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How To Measure Water Activity In One Minute

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In this 15 minute webinar, food scientists Mary Galloway and Dr. Zachary Cartwright talk about the theory and application of one-minute water activity readings, including:

- the physics-based model and hybrid analytics breakthroughs that make a one minute reading possible
- why these techniques work for samples that usually have long read times
- comparison to traditional first-order “fast” or “quick mode” readings
- pros and cons from Mary’s testing experience in the food lab

The webinar will be followed by a ten minute Q & A.

Presenters
Zachary Cartwright is a lead food scientist at METER Group. He helps customers achieve complete moisture analysis of their products and is an expert in the use of the Vapor Sorption Analyzer (VSA). He has a Ph.D. in food science from Washington State University and a bachelor’s degree in biochemistry from New Mexico State University.

Mary Galloway is the application scientist for METER Food and manages the Food Research & Development lab. She is a contributing author on several publications concerning water activity and its influence on physical properties. Mary uses her years of experience to help customers understand and solve their moisture-related product issues.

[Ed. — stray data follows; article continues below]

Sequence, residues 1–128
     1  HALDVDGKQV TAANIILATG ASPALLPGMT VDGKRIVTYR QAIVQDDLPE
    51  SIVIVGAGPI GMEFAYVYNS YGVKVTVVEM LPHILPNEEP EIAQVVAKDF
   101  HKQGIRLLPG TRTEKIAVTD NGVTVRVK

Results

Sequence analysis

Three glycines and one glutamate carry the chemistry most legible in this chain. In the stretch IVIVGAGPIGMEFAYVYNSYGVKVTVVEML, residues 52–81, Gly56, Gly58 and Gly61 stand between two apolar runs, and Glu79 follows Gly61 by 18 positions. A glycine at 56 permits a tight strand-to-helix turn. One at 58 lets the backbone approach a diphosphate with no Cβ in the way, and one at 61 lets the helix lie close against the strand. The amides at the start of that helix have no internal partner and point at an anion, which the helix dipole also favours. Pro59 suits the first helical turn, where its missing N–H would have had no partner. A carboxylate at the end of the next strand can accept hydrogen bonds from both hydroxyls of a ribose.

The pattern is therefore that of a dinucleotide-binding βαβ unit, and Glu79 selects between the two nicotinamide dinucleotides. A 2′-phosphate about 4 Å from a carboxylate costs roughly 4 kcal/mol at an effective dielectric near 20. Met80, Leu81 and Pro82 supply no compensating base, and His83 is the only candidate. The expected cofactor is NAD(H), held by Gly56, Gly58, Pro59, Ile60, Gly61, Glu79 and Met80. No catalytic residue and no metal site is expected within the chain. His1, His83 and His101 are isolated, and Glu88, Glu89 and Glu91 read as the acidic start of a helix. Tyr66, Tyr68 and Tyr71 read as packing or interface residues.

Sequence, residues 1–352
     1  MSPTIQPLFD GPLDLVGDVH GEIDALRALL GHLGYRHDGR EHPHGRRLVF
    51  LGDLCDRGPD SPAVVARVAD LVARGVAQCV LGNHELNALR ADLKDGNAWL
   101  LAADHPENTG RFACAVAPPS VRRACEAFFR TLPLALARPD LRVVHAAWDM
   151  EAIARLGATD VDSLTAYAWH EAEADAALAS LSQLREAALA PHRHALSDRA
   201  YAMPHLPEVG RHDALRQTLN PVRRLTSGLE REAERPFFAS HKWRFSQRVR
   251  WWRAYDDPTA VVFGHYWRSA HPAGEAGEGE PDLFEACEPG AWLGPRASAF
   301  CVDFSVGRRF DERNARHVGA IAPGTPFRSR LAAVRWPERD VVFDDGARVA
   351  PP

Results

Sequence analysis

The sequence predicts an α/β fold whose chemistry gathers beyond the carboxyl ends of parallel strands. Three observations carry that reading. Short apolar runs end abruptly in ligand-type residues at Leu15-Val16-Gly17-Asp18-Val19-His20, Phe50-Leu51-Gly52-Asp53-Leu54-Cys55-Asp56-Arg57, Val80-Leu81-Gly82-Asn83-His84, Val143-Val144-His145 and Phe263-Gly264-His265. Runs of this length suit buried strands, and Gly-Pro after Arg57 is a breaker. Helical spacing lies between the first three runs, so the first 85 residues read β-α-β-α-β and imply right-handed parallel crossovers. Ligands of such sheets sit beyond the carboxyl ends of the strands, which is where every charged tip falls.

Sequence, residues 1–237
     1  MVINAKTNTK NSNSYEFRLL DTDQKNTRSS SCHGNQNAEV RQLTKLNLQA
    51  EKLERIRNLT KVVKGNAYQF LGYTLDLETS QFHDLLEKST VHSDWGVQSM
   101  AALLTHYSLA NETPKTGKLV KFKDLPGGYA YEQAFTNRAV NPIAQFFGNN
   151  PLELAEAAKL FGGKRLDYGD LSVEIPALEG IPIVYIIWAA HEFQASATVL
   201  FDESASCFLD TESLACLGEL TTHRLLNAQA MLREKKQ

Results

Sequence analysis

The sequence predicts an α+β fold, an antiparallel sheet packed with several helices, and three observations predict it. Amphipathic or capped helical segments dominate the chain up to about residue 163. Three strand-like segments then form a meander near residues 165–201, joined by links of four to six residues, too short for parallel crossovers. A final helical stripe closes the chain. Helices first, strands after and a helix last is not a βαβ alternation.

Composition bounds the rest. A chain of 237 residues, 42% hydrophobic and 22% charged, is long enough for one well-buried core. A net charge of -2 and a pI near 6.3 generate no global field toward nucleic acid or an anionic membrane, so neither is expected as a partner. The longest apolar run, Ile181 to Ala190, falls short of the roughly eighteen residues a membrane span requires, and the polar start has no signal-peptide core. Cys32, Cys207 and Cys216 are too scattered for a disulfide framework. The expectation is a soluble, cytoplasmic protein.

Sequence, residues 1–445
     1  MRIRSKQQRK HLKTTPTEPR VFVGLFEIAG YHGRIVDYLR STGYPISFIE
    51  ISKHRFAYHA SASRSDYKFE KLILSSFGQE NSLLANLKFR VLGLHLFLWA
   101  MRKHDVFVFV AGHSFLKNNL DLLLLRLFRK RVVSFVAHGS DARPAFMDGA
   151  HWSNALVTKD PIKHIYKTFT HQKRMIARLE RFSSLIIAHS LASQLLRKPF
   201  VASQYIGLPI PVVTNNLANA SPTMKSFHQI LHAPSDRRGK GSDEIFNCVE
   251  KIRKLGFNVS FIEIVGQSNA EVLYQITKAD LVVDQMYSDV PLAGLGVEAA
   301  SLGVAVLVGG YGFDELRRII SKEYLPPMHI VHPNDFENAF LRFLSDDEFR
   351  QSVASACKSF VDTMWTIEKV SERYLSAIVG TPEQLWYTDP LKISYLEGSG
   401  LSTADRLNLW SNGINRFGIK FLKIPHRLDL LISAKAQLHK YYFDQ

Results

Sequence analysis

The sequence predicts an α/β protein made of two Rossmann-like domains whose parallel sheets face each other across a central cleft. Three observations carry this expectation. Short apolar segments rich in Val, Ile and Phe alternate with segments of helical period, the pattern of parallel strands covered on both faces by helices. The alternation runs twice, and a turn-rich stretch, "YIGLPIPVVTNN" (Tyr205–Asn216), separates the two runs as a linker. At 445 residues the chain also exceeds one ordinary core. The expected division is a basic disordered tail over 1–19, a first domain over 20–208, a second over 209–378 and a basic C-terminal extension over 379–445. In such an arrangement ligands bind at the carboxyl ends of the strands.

Published in: Food
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How To Measure Water Activity In One Minute

  1. 1. HOW TO MEASURE WATER ACTIVITY IN ONE MINUTE MARY GALLOWAY ZACHARY CARTWRIGHT, PHD APPLICATION SCIENTIST LEAD FOOD SCIENTIST METER GROUP, INC. USA
  2. 2. Zachary Cartwright, PhD Lead Food Scientist Mary Galloway Application Scientist
  3. 3. CONTENTS THE SCIENCE BEHIND WATER ACTIVITY MEASUREMENTS KEYS TO SPEED USING SPEED TO REDUCE UNCERTAINTY IMPACT OF FAST WATER ACTIVITY KEY TAKEAWAYS Q&A
  4. 4. THE SCIENCE BEHIND WATER ACTIVITY MEASUREMENTS
  5. 5. Several first-order processes, each with a different time constant SAMPLE CHAMBER SENSOR Not only are time constants different from each other, they’re different for different products and can change under different conditions FROM A PHYSICS PERSPECTIVE
  6. 6. KEYS TO SPEED
  7. 7. KEYS TO SPEED
  8. 8. FIRST-ORDER MODEL Well-known engineering strategy Speed up reading by using current data to extrapolate
  9. 9. FIRST-ORDER MODELING Using reading time series data • Obscures several different processes • Need to wait for fast processes to be nearly complete to fit data. Takes much longer than one minute • Results from this method are unsatisfactory (errors unpredictable)
  10. 10. FIRST-ORDER MODELING METER Competitor A Competitor B Aw Time (min) Aw Time (min) Aw Time (min) Equilibration Fast Equil Fast Equil Fast Equil Fast Equil Potato Chips 0.099 7.2 0.104 0.078 10.5 15.2 0.094 0.106 4.3 15.4 Peanut Butter 0.194 5.8 0.134 0.120 31.1 111.4 0.212 0.222 4.0 16.4 Ground Black Pepper 0.365 4.7 0.423 0.370 32.5 11.6 0.428 0.368 3.4 19.9 Dog Kibble 0.425 3.2 0.414 0.419 14.5 26.6 0.408 0.414 3.8 14.9 Craisins 0.504 4.3 0.502 0.500 9.8 18.4 0.522 0.504 3.4 7.9 Beef Jerky 0.716 3.2 0.702 0.696 13.2 16.2 0.712 0.700 3.7 26.4